Y-PARQ (F(2,223)=138,158; p=0,000), SS (F(2,223)=112,545; p=0,000) and SSAS (F(2,223)=79,748; p=0,000) scores and economic level there is a difference. It was determined that the participants with low economic status had higher Y-PARQ, SS, and IAS scores than participants with medium and high economic status. Y-PARQ (F(3,224)=11.871; p=0.000), SS (F(3,224)=9.588; p=0.000) and EAS (F(3.224)=5.492; p=0.001) scores and the marital status of the parents there is a significant difference. It was determined that the participants whose parents were divorced had higher Y-PARQ, SS, and EAS scores than the other participants. There was a significant difference between the Y-PARQ (F(4,223)=18,657; p=0,000), SS (F(4,223)=17,959; p=0,000) and EAS (F(4,223)=8,444; p=0,000) scores and father’s education level. There is a level difference. It was determined that the Y-PARS, SS, and EAS scores of the participants whose fathers were secondary school graduates were higher than those whose fathers were illiterate, primary school and university graduates. Y-PARQ, SS scores differ significantly according to age (p≤0.05). The Y-PARQ (p=0.000) and SS (p=0.000) scores of the participants over 35 years old were found to be significantly different and higher than the participants aged 35 and younger.
Regression analysis to determine the relationship between somatization and father acceptance/rejection yielded a significant result (F=536.372; p=0.000). The model explains about 70% of the total variance of somatization. When the t-test results regarding the significance of the regression coefficients are examined, it is seen that father acceptance/rejection is a significant predictor of somatization. The increase in the somatization levels of the individuals participating in the study increases the parental acceptance/rejection levels (β=0.164, p=0.000) (Table 3). It is seen that two variables are important predictors in terms of their contribution to the variance regarding SS scores. In the first stage, the Neglect/ Indifference variable, which explained the most variance with 69.4%, was included in the analysis (β = 0.637, t = 22.686, p ≤ 0.05). There is a positive relationship between Neglect/Indifference and SS. As the level of neglect/indifference increases, there is an increase in the level of SS. In the second stage of the analysis, Hostility/Aggression was included in the model. Hostility/Aggression (β = 0.232, t = 3.930, p ≤ 0.05) explained 1.8% of the variance and thus these two variables explained 71.2% of the variance. There is a positive relationship between hostility/aggression and SS. As the level of hostility/aggression increases, there is an increase in the level of SS (Table 3). Regression analysis to determine the relationship between worry and anxiety and father acceptance/rejection yielded a significant result (F=261,874; p=0.000). The model explains approximately 53.7% of the total variance of anxiety and anxiety. When the t-test results regarding the significance of the regression coefficients are examined, it is seen that parental acceptance/rejection is a significant predictor of anxiety and anxiety. The increase in the anxiety and anxiety levels of the individuals participating in the research increases the levels of parental acceptance/rejection.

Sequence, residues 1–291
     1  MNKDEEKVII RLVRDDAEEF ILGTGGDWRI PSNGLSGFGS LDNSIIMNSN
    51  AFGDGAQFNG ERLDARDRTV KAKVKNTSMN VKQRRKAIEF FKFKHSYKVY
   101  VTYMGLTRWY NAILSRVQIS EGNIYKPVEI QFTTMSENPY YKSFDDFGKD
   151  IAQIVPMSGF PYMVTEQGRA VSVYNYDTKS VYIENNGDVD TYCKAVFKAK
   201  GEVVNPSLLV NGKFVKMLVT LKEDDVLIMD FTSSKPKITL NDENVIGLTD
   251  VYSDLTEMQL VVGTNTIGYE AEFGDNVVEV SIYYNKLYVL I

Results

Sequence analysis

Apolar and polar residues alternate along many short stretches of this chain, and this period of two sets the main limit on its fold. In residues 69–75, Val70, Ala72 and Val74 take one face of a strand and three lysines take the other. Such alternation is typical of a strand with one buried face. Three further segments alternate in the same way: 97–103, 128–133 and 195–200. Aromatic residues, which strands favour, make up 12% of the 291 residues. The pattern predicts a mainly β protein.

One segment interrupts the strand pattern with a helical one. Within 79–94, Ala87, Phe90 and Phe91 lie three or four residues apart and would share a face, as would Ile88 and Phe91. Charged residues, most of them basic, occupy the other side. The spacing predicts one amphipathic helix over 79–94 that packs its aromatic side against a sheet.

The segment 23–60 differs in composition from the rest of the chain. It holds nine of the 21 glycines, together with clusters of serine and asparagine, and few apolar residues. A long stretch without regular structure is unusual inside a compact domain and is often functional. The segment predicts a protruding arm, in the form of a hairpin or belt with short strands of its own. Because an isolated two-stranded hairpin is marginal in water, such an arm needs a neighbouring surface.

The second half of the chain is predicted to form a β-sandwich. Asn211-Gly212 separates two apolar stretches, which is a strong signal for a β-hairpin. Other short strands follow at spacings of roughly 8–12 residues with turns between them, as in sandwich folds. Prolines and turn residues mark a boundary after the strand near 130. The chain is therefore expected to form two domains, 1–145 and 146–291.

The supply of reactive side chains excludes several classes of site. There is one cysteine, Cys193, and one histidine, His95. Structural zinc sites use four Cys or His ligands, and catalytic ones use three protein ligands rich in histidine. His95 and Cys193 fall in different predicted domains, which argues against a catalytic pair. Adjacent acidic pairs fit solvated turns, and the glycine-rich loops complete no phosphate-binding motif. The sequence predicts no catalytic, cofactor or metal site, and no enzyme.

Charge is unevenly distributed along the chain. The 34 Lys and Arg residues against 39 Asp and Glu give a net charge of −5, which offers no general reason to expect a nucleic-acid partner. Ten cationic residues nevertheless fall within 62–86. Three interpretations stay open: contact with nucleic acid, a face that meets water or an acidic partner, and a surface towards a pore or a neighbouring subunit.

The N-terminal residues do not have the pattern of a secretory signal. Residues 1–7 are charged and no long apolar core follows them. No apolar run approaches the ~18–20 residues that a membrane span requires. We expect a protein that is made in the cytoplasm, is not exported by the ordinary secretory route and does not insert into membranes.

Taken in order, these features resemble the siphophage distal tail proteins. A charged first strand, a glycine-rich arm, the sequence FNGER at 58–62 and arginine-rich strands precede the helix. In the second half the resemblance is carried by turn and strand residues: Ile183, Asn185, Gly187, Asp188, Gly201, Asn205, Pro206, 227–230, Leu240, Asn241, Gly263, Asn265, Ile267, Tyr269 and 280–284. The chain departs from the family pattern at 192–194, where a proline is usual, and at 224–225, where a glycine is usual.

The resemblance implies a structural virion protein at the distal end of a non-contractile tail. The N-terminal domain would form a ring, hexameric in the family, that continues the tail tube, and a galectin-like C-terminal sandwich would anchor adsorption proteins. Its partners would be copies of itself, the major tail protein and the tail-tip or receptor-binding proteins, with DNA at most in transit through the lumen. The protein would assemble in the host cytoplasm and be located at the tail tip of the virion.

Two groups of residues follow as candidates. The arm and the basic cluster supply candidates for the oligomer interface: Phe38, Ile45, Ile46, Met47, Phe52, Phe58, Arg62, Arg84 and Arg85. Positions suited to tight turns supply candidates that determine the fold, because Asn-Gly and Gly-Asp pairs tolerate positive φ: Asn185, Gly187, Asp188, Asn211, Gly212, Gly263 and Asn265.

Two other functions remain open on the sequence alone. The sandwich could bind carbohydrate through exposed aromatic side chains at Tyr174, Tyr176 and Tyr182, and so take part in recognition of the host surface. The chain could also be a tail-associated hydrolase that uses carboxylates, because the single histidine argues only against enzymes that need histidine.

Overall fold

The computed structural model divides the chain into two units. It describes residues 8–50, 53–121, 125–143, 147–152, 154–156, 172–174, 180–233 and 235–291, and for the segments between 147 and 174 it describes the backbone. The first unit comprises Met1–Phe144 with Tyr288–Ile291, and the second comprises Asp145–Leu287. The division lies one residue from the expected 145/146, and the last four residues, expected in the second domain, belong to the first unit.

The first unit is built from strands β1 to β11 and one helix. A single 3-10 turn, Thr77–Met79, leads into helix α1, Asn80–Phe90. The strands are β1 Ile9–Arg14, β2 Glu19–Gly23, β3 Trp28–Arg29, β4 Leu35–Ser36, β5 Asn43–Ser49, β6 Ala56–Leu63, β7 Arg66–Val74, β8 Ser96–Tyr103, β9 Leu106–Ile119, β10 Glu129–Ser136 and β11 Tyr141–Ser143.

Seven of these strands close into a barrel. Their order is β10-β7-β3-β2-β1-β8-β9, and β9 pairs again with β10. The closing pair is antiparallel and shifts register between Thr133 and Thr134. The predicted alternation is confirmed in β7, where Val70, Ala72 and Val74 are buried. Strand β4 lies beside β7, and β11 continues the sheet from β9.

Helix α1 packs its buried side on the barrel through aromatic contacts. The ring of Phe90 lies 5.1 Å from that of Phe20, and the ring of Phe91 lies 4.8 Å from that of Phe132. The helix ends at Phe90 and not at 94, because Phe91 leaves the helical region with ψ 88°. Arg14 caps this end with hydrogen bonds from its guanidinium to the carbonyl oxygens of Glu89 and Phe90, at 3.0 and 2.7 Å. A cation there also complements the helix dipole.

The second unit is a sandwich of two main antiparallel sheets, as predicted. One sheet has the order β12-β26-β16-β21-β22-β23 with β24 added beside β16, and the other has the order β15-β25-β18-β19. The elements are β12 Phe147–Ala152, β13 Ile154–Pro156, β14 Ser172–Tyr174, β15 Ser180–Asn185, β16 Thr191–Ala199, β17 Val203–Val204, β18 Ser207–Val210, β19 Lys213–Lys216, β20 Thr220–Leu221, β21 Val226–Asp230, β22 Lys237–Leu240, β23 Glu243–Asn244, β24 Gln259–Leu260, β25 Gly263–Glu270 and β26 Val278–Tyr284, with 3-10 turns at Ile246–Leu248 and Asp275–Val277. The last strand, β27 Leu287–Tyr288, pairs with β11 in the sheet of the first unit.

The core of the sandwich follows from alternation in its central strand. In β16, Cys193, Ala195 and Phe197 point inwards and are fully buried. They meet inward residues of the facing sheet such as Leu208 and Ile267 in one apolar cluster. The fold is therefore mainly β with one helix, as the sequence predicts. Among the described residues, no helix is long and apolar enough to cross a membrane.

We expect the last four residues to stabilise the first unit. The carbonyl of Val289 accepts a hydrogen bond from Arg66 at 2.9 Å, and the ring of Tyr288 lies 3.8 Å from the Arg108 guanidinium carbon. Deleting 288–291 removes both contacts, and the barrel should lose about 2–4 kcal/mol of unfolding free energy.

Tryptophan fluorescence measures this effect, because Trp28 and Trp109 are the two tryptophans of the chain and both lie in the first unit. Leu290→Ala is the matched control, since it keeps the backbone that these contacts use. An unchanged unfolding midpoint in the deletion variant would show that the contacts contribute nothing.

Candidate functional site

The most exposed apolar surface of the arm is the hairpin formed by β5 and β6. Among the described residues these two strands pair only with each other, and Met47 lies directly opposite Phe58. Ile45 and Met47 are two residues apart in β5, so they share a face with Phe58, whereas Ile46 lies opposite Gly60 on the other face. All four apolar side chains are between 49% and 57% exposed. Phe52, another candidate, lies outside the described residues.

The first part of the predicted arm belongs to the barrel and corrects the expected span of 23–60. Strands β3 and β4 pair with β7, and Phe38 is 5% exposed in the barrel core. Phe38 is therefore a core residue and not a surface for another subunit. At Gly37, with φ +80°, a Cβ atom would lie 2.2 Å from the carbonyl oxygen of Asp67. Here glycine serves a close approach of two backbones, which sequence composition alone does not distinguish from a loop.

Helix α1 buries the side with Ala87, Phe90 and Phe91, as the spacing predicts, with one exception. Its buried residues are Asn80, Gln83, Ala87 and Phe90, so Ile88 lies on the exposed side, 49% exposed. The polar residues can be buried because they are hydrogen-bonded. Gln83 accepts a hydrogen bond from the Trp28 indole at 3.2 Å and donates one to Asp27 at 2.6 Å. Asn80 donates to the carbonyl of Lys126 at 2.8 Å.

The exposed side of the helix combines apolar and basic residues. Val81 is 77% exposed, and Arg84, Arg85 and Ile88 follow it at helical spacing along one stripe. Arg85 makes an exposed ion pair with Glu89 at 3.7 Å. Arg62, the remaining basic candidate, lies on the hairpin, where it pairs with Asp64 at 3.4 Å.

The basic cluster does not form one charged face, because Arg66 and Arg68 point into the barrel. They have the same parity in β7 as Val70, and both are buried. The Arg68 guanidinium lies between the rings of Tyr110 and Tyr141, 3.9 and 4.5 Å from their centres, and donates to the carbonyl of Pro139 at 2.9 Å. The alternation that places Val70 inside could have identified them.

It is seen that two variables are important predictors in terms of their contribution to the variance regarding STS scores. In the first stage, the Neglect/Indifference variable, which explains the highest variance with 51.3%, was included in the analysis (β = 1.098, t = 15.487, p ≤ 0.05). There is a positive relationship between Neglect/Indifference and IAI. As the level of Neglect/Indifference increases, there is an increase in the level of IAI. In the second stage of the analysis, Hostility/Aggression was included in the model. Hostility/Aggression (β = 0.571, t = 3.828, p ≤ 0.05) explained 2.7% of the variance and thus these two variables explained 54% of the variance. There is a positive relationship between Hostility/Aggression and IAI. As the level of hostility/aggression increases, there is an increase in the level of IAI (Table 4). DISCUSSION Participants with divorced parents perceive more rejection from their fathers. After the divorce, she may feel neglected and rejected by her father, since the care of the children is usually the responsibility of the mother. Kaya and Gündüz (2019), in a study with children, concluded that divorced parents perceive more rejection in their children than the father in general17. Öngider’s (2013) study with a sample of children found that families with divorced parents had statistically significant higher scores on the subscales of paternal neglect and undifferentiated rejection compared to married ones. According to the researcher, the reason for this result is shown as the father’s departure from home after the divorce18. The result of the study is similar to the literature. It has been shown that participants whose parents are divorced have higher somatization scores. According to the findings of a small number of studies in the literature, somatization does not differ according to the marital status of the parents17,19. The person who grows up in the family model with divorced parents may feel rejected and lonely, he can use his bodily complaints to get rid of his anxiety and fears, in this way he can receive the love and attention of his father (secondary gain). In the study, generalized anxiety levels of those whose parents were divorced were found to be significantly higher. In Turan Cebeci’s (2009) study, it was determined that the state and trait anxiety scores of people who grew up in families with divorced parents were significantly higher than the state and trait anxiety scores of people whose parents were not divorced20. It can be said that the stress and emotional reasons experienced by people whose parents are divorced make people more prone to generalized anxiety. There is a strong relationship between family problems, anxiety and being a child of a divorced family21. Participants with low economic income perceive more paternal rejection compared to medium and high levels. When the result is compared with the literature22, 23. In Deniz’s (2014) study, people with low and middle incomes perceived more parental rejection than those with high income22. Abacı’s (2018); According to the study, the total father rejection score was found to be higher in low and middle income compared to high income23. In a study conducted in China, Chen and Rubin (1994) found a negative relationship between family economic income and parental acceptance. To explain this situation, it was stated that while trying to earn more, parents neglect their children and care less. It has been reported that families with low economic status have higher expectations for their children to be successful and may spend more time with their children24. It was found that the somatization scores of the participants with low economic level were higher than the participants with medium and high economic income. When the studies are examined, it is seen that although the sample is child/adolescent, the result found is similar to the literature25, 26 . According to Özer (2011), adolescents with low economic income show more somatization, anxiety, negative self and depression symptoms25. In Kadıoğlu’s (2018) study on Ekar, it was observed that somatic symptoms in children increased as the economic level of the parents decreased26. When economic income was evaluated for Anxiety and Anxiety, it was determined that the general anxiety scores of the participants with low economic income were significantly higher. In field studies, it has been reported that GAD is more common in people with low income27, 28. This can be interpreted as people with low economic income may look at life more hopelessly and feel anxious and anxious. In addition, some researchers have stated that demographic variables other than gender are not a definite predictor for GAD29. When the relationship between PARQ and the number of siblings was examined, people with five or more siblings perceived more rejection from their fathers. As the number of siblings increases, the time parents can devote to a child decreases. The division of interest in other siblings may cause the perception of rejection. Abacı’s (2018) study found a positive correlation between the increase in the number of siblings and parental rejection23. In another study, it was concluded that the number of siblings affected the attitudes of the family30. There are studies supporting the study in the literature23, 31. In the study conducted by Karaboğa and Eker (2018) with high school students, it was concluded that the sub-dimensions of perceived hostility/aggression and neglect/indifference from the father were statistically significant and high in those with four and five siblings31. When the relationship between somatization and number of siblings is examined, it is concluded that people with five or more siblings have high somatization scores. When the literature is examined, it is observed that the studies do not show consistency with each other. Teken et al. (2019) stated in their study with children and adolescents that the number of siblings does not have a significant effect on somatization and anxiety19. Yıldırım et al. (2008), in a study examining the mental health of nursing students, concluded that people with 4 or more siblings were effective in revealing less mental symptoms, and they related this result with the social support provided by siblings32. When the relationship between STS and the number of siblings was examined, it was found that the generalized anxiety scores of the participants with four siblings were higher than the other participants. Demiriz and Ulutaş (2003) found that as the number of siblings increases, the level of trait anxiety increases33. In another study supporting this, it was stated that the trait anxiety levels of people who grew up in a nuclear family were lower than those who grew up in an extended family34. The number of siblings may affect anxiety depending on the economic status of the family and the attitudes and behaviors of the parents. Parents do not exhibit equal attitudes among siblings, conflict between siblings, and the inability to meet the needs of children in families with a high number of siblings with insufficient economic level can cause anxiety. Unlike the study, it is seen in studies that generalized anxiety does not differ according to the number of siblings35, 36 . Participants whose fathers are secondary school graduates perceive more rejection than others. When the literature is examined, there is no study that deals with PARQ and father’s education in detail. It is stated that parental rejection is more common in less educated parents37. No study has been found in the literature examining the relationship between father acceptance/rejection and father’s educational status. It was determined that the somatization scores of the participants whose fathers were secondary school graduates were higher than other fathers’ education levels. In some studies, it has been concluded that people with low educational level show less emotional awareness38. In the study of Dığrak et al. (2014), it was seen that people with low education level had higher somatization scores39. It is known that the increase in the level of education contributes to the development of the ability to express oneself and emotions correctly. It was determined that the generalized anxiety scores of the participants whose fathers were secondary school graduates were higher than other fathers’ education levels. It has been observed that the studies in the literature are limited on this subject. Demiriz and Ulutaş (2003); In their studies, it was seen that the trait anxiety levels of the children of fathers who graduated from high school and higher education were lower than the other groups. It is thought that this situation will enable the child to raise children who are compatible with the environment and have low anxiety levels, together with the increase in the education of the father, and the increase in the education of the father positively affects the anxiety levels33. According to the studies, the attitudes of parents with a high education level and parents who are primary school graduates to their children may differ. In a similar study, it was determined that the anxiety levels of people whose parents were high school graduates were low40. Discussing the Results of the Relationship between Father Acceptance/Rejection and its Sub-Dimensions and Somatization and Anxiety It is seen that somatization increases as the perceived coldness, neglect, hostility, and undifferentiated rejection from the father increase. When the somatization effect of PARQ and its sub-dimensions is examined, it is seen that paternal neglect/indifference and hostility/aggression sub-dimensions significantly predict somatization. Early maladaptive schemas may occur due to dysfunctional interaction with one of the attachment figures in childhood and unmet basic emotional needs. These schemas can come from early childhood to adulthood and affect an individual’s whole life41. A significant relationship was found between somatization and parental inability to show the necessary attention or provide adequate care to the child in early childhood42. According to Young et al. (2003), early maladaptive schemas can cause many psychological disorders such as depression, anxiety, substance abuse, and it has been one of the most common in somatization41. In parallel with the study, Lackner, Gudleski, and Blanchard’s (2004) study concluded that there is a strong relationship between perceived hostility and aggression (rejection) from the father and somatization symptoms43. In the study of Kaya and Gündüz (2019), it was concluded that somatic symptoms were mostly related to the perceived hostility from the father subscale, and it was observed that as the perceived hostility from the father increased, somatic symptoms increased17. Kaplan and Ak (2018), in a study examining psychological symptoms and problematic behaviors in adolescents, found that the somatization score average of adolescents who stated their (authoritarian, protective, apathetic, perfectionist, democratic) father and mother attitudes as authoritarian and disinterested was higher than the other attitudes44. According to Leff (1973), in many societies it is not considered appropriate to show emotions comfortably, so emotions are usually expressed through somatic symptoms45. Somatic symptoms can be seen in societies, especially with the tendency to suppress feelings and thoughts against the source of authority. Societies have assigned various duties to the role of mother and father. Especially in some cultures, caring for the baby and physical-emotional interaction with the child have been associated only with the role of mother46. According to a research report by Açev (2017), when the views of fathers participating in the study on the role of paternity were evaluated, some participants defined their roles as merely meeting the child’s material needs47. Accordingly, it is possible to mention that patriarchal values maintain their influence and that it is a problem resistant to change. In societies with this belief and structure, fathers have less physical-verbal interaction with their children than mothers. Childhood traumatic experiences and nonverbal emotions (preventing the verbal expression of emotions) can lead to the development of somatothymic language, which is an action based on learning48. Lamb (2000) argues that fathers have an important role in the healthy development of children, although the intercultural father-child relationship differs between different cultures49. The fact that the study was conducted with people between the ages of 18-65 and the detailed investigation of the father PARQ sub-dimensions makes the study different. The obtained results are considered to be an important contribution to the literature. When the relationship between PARQ sub-dimensions and anxiety is examined; It was determined that the anxiety and anxiety scores of the participants who perceived coldness, neglect, hostility and undifferentiated rejection from their fathers increased. It is seen that neglect/indifference and hostility/aggression, which are subscales of PARQ, significantly predict generalized anxiety. In the first question, which was not included in the statistics in the scale, the participants were asked about the issues that frequently worried them. When the anxiety subjects in the sample were examined, it was observed that the subjects such as health, future, work, children, exams, family pressure were frequently included. Anxiety appears to be pervasive in many areas of their lives. Azevedo et al. (2013) emphasized in their study that the most important factor increasing the trait anxiety level of adolescents is perceived father rejection50. According to Rohner (1986), how a person will psychologically construct his general ideas about life and the world will be shaped by the experiences of acceptance or rejection, especially in his relationship with his parents. Accordingly, the baby begins to perceive himself as a whole with his mother in the womb, and there is a father figure in his first communication with the outside world. With the recognition of the outside world and the father, a person’s perspective on life begins to form. People who perceive rejection see life as threatening, unsafe place, bad, dangerous and full of uncertainties because of their negative worldview51. It is possible for them to be highly sensitive to any threat, to experience intense anxiety about daily problems, and to show symptoms of anxiety disorder as a result. When we look at the literature, there are studies on the perceived father rejection as the most important factor increasing the level of trait anxiety50,52,53. In addition, there are studies showing the relationship between perceived rejection-based parental neglect behaviors in early childhood and anxiety54,55. However, the fact that the study was conducted only on fathers gave clarity to the research. No similar study was found in the literature with ITS. Therefore, the findings are considered as a contribution to the literature. The main results reached in this study are as follows: A positive correlation was found between PARQ subscales, coldness, neglect/indifference, undifferentiated rejection, hostility/aggression, and somatization and anxiety. Neglect/indifference and hostility/aggression subscales were found to predict somatization and anxiety. Father Accept/Reject; number of siblings, economic level, parental marital status, father’s education level and age vary significantly. Somatization; number of siblings, economic level, parental marital status, father’s education level and age vary significantly. Anxiety and Anxiety; The number of siblings differs significantly according to the variables of economic level, parental marital status, and father’s education level. When the results of our study were examined, it was observed that father acceptance/rejection was significantly and significantly associated with somatization and anxiety. It is seen that fathers’ showing love (accepting) behaviors are influenced by society and culture. However, although society and culture are not fixed, they are structures that are open to change. It is foreseen that situations that are seen as social problems can be prevented, especially by raising awareness of the society on this issue. Preventive trainings can be organized to explain the impact of the perception of acceptance and rejection with the father in the early childhood period. These training programs are cognitive-behavioral-based for adults and can focus on how fathers can have a more qualified and healthy relationship with their children. In addition, due to the connections between emotions and physical symptoms, mind-body processes can be focused and studies that raise awareness in this direction can be carried out. Limitations The study was conducted with data obtained from 228 volunteer participants in the province of Istanbul. Consent was requested with an informed consent form and voluntary participants who gave consent were included in the study. It was thought that the people participating in the study might try to show their relationships well in questions about themselves and their fathers and give misleading answers, which may affect the results of the research. The fact that the father’s education level of the majority of the sample is primary and secondary school, and the economic level is higher than the middle and low level, is also a factor that increases the limitation of the study. It is thought that it is important to consider these limitations in future studies. Despite the limitations, it is thought that the study will contribute to future studies as it sheds light on the importance of perceived acceptance-rejection from the father and has shown its relationship with somatization and generalized anxiety. Statement of Compliance with the Ethical Principles Permission was obtained for the study, numbered 61351342/2019-532, on 27.11.2019 from the Üsküdar University Non-Interventional Research Ethics Committee. Conflict of interest All authors of this article declare that there is no conflict of interest regarding the article.